At the Cinemark
Bringing a successful play to the big screen is tricky -- and can go wrong in a variety of ways.
A play often needs to be “opened up” on film to avoid feeling “stagey” as it proceeds through acts, sets and story.
Despite featuring two extraordinary performances by Denzel Washington and Viola Davis -- both likely Oscar nominees -- “Fences” suffers from feeling too much like a play and too little like a film.
I loved the performances, but was continually distracted by the film’s un-cinematic theatrical ambience. The playwright wrote the script before he died in 2005, and Washington faithfully honored that script 10 years later to create this film -- and therein lie the seeds of the problem.
Let’s start here: I would love to have seen the Broadway revival of August Wilson’s “Fences” in 2010 starring Washington and Davis which swept the Tony awards for Actor, Actress and Best Revival. I’ll bet it was splendid.
For that matter, I’d love to have seen James Earl Jones and Mary Alice in the opening version of “Fences” on Broadway in 1987. which also swept the top Tony awards -- as well as earning playwright August Wilson a Pulitzer.
And I did marvel at the work of Washington and Davis in this film. Davis, in particular, could well win Best Actress for her work here.
“Fences” is a story of a black family in Pittsburgh in the 1950s dominated by 53-year-old Troy, a former Negro-league baseball player who served some jail time. He’s now a trash collector who works hard to pay the bills, but who clearly regrets not having made more of his life. His wife, Rose, loves him, and provides unconditional support -- even when he slips.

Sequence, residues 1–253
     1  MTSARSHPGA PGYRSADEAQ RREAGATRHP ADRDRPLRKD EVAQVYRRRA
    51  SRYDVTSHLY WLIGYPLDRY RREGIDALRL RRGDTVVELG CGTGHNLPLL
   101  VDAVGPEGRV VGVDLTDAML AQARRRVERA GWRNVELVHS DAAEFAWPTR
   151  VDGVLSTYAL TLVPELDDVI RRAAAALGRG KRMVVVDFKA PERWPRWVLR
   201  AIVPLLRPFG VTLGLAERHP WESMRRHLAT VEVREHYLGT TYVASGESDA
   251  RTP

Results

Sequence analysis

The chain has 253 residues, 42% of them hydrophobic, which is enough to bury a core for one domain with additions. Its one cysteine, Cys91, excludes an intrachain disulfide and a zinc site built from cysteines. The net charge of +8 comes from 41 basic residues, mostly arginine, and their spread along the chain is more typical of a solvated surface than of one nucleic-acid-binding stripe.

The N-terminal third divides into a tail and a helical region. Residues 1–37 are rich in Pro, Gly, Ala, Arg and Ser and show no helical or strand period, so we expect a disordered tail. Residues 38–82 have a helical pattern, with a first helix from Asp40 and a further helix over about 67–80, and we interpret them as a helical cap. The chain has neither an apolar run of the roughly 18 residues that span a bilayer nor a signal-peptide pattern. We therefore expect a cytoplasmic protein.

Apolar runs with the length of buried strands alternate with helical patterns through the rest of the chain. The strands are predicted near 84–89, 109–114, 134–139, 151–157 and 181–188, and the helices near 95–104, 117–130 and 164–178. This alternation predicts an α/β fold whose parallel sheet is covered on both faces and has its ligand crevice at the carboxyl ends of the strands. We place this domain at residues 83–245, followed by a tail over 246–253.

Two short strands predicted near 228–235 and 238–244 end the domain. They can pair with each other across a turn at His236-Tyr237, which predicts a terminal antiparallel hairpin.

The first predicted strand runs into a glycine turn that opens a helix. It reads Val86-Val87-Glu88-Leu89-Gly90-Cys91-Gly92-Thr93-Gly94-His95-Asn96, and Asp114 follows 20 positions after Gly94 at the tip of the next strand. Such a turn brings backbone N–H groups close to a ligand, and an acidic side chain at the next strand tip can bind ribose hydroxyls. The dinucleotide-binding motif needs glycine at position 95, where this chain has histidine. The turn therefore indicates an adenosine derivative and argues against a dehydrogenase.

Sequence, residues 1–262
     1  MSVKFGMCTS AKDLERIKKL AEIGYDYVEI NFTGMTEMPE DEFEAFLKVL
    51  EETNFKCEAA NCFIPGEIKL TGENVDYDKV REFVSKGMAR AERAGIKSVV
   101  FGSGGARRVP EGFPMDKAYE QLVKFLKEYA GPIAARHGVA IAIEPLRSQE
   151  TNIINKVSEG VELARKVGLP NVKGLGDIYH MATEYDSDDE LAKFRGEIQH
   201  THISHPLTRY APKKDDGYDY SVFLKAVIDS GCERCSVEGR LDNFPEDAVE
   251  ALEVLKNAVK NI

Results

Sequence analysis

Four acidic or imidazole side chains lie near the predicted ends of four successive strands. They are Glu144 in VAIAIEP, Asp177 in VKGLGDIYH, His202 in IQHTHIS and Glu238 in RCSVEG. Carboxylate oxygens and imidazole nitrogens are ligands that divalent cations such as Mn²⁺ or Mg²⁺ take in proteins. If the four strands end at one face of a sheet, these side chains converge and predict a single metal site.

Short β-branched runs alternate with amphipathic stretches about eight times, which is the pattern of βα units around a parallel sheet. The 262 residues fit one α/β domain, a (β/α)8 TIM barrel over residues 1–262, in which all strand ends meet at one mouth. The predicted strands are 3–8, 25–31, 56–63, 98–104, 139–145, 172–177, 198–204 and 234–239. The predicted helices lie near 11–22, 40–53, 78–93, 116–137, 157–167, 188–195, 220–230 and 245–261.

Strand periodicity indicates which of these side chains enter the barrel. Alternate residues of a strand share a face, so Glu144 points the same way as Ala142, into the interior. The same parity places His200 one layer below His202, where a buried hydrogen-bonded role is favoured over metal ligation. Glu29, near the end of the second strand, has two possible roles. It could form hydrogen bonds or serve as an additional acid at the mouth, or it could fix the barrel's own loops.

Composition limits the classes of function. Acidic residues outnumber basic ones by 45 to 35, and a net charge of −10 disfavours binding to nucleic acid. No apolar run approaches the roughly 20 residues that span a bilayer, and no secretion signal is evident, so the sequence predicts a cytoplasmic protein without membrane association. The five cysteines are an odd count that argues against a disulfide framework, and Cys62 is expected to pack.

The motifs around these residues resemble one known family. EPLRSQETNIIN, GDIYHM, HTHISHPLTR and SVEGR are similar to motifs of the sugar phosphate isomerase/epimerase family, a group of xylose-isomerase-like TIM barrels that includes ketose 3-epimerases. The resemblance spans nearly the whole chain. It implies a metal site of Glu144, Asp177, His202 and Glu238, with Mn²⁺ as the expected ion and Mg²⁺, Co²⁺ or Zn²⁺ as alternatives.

Troy is tough on his son, Cory, determined that he carve out a better life than his dad. He refuses to let the son play sports, insisting he put in more hours at his part-time job at a store. He’s a father who “motivates” with kicks to the butt rather than arms around the shoulders.
Troy’s harsh treatment of Cory breaks Rose’s heart -- and puts a dark cloud over the family.
To deepen the pain, Troy admits to an affair, devastating his wife.
The only friend in Troy’s life comes from time spent co-worker Bono, a dear man who stands loyally by his flawed friend. But even Bono begins to pull back as he watches Troy’s spirit harden.
In the midst of this pain, Rose somehow remains positive and forgiving. She’s understandably angry, but pushes through her pain to help those she loves.
Perhaps she should have left Troy, but her decision to stand by her flawed man in hard times is touching, nonetheless. Knowing of the long-time infidelity, Rose makes a very controversial choice that’s good for others at the expense of herself.
When the film ended, I was left thinking about Rose, not Troy.
Should she have stayed? How much disrespect is too much? How long should a spouse “turn the other cheek” before leaving her family to seek a better life for herself?
Thanks to Viola Davis these questions resonate deeply. We love Rose, but her sacrifice is almost too saintlike to sanction.